Split Decision In The Latest Big Biotech Boardroom Battle

Actelion, Europe’s largest biopharmaceutical company, has been gaining a lot of attention in anticipation of its May 5 annual general meeting.

A struggle with an activist hedge fund is in the works, and the company hopes to use its sound first-quarter results as a strategy to maintain power in the boardroom. 

So far, Actelion has received support from top shareholders, such as BB Biotech, and IVOX, Germany-based independent proxy voting service, but the latest recommendations from proxy advisors ISS and Glass Lewis are a mixed bag.

This comes as Elliott Advisors intensifies a proxy battle to wrest control of the boardroom from the existing directors. The investment company, which is part of the $17 billion US hedge fund Elliott Management, believes the existing board is eroding shareholder value because it ‘lacks effective management oversight’, and is ‘running a high-risk strategy for the future of the company’.

In a bid to fend off the attack, Elliott Advisors hired global proxy solicitation firm Georgeson earlier this year to help gather investor support ahead of its annual meeting, a Georgeson spokesperson confirms.

But now, proxy advisors ISS and Glass Lewis have joined the fray.

‘We believe that shareholders would be best served by keeping the incumbent board in place at this time, particularly given that an overwhelming majority of the incumbent directors as well as the new board nominees are independent,’ says Glass Lewis. 

The alternative to this, in Elliott’s proposal, would include a major boardroom shakeup, with the addition of six new board members, such as former Novartis executive James Shannon, who Elliott wants to chair Actelion. Also, Elliott is urging shareholders to vote to remove the cap on board seats to allow more managers to join Actelion’s executives. A third aspect of the proposal is the sale of Actelion.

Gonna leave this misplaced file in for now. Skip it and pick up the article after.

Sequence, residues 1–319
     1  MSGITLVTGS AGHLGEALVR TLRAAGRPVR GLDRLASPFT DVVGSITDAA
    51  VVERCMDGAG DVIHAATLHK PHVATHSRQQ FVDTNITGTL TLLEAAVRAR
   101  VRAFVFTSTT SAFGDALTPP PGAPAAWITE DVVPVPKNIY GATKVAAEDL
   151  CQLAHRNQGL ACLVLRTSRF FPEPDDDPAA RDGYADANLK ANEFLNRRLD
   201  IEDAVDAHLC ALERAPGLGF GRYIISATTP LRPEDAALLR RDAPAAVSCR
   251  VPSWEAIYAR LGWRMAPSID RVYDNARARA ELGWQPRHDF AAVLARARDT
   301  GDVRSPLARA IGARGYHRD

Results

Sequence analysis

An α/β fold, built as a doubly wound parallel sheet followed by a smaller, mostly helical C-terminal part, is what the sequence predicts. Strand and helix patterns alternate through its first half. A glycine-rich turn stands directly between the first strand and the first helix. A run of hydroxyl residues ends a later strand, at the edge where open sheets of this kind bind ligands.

Carl Feldbaum, an Actelion board member and chairman of its nominating committee, disagrees with the Elliott proposal. ‘We have carefully evaluated the core competencies of each of our board members and nominees and believe they have demonstrated greater experience and expertise,’ he says. ‘ISS recognises in its report [that] Elliott’s board and nominees have not presented a detailed business plan for the company.’

At the same time, ISS has split its support in the battle. The proxy group released a report endorsing Elliott”s stance for board members to be elected annually as opposed to every three years. However, ISS recommended three of the six directors proposed by Elliott. 

In a report revealed to Corporate Secretary, ISS says: ‘ATLN has been bold in the past, by taking its blockbuster drug to market without the aid of partners, ultimately increasing returns to shareholders. It is a company, which has adopted a business strategy centered on innovation, with its inherent risks. The question, however, is whether this is the right strategy anymore.’

 ‘A sale of the company might be a valid strategic alternative,’ ISS adds. 

Other recommendations in the ISS report include:

— The election of Dr James Shannon, Peter Allen and Dr Anders Harfstrand to the board

— The removal of the cap on board seats because ‘if the cap were to remain in place, there is a chance the nominees who receive   majority shareholder support may not be elected to the board’

— The annual elections of board members to ‘increase board accountability’

— The direct election of the chairman ‘to give shareholders the opportunity to vote on the election of board chairman’

— The election of Jean-Pierre Garnier and Robert Bertolini, who also are supported by Elliott, and

— The removal of Robert Cawthorn as chairman

‘Based on the factors discussed above, on balance we conclude that the presence of the three dissidents on a nine-member board would likely prove beneficial to long-term shareholder value,’ the report concludes.

Meanwhile, BB Biotech continues to support Actelion’s existing directors, despite the string of product failures the company has experienced in recent clinical trials. 

Ahead of the May 5 annual meeting, Actelion has been publicizing its support from Swiss activist Ethos, which is endorsing all of the firm’s proposals.  

‘Elliott seems to favour the sale of Actelion,’ says Ethos. ‘In the long-term interests of all the company’s stakeholders, Ethos recommends that shareholders oppose the resolutions of the hedge fund and that they support the board of directors by not appointing any of Elliott’s candidates.’

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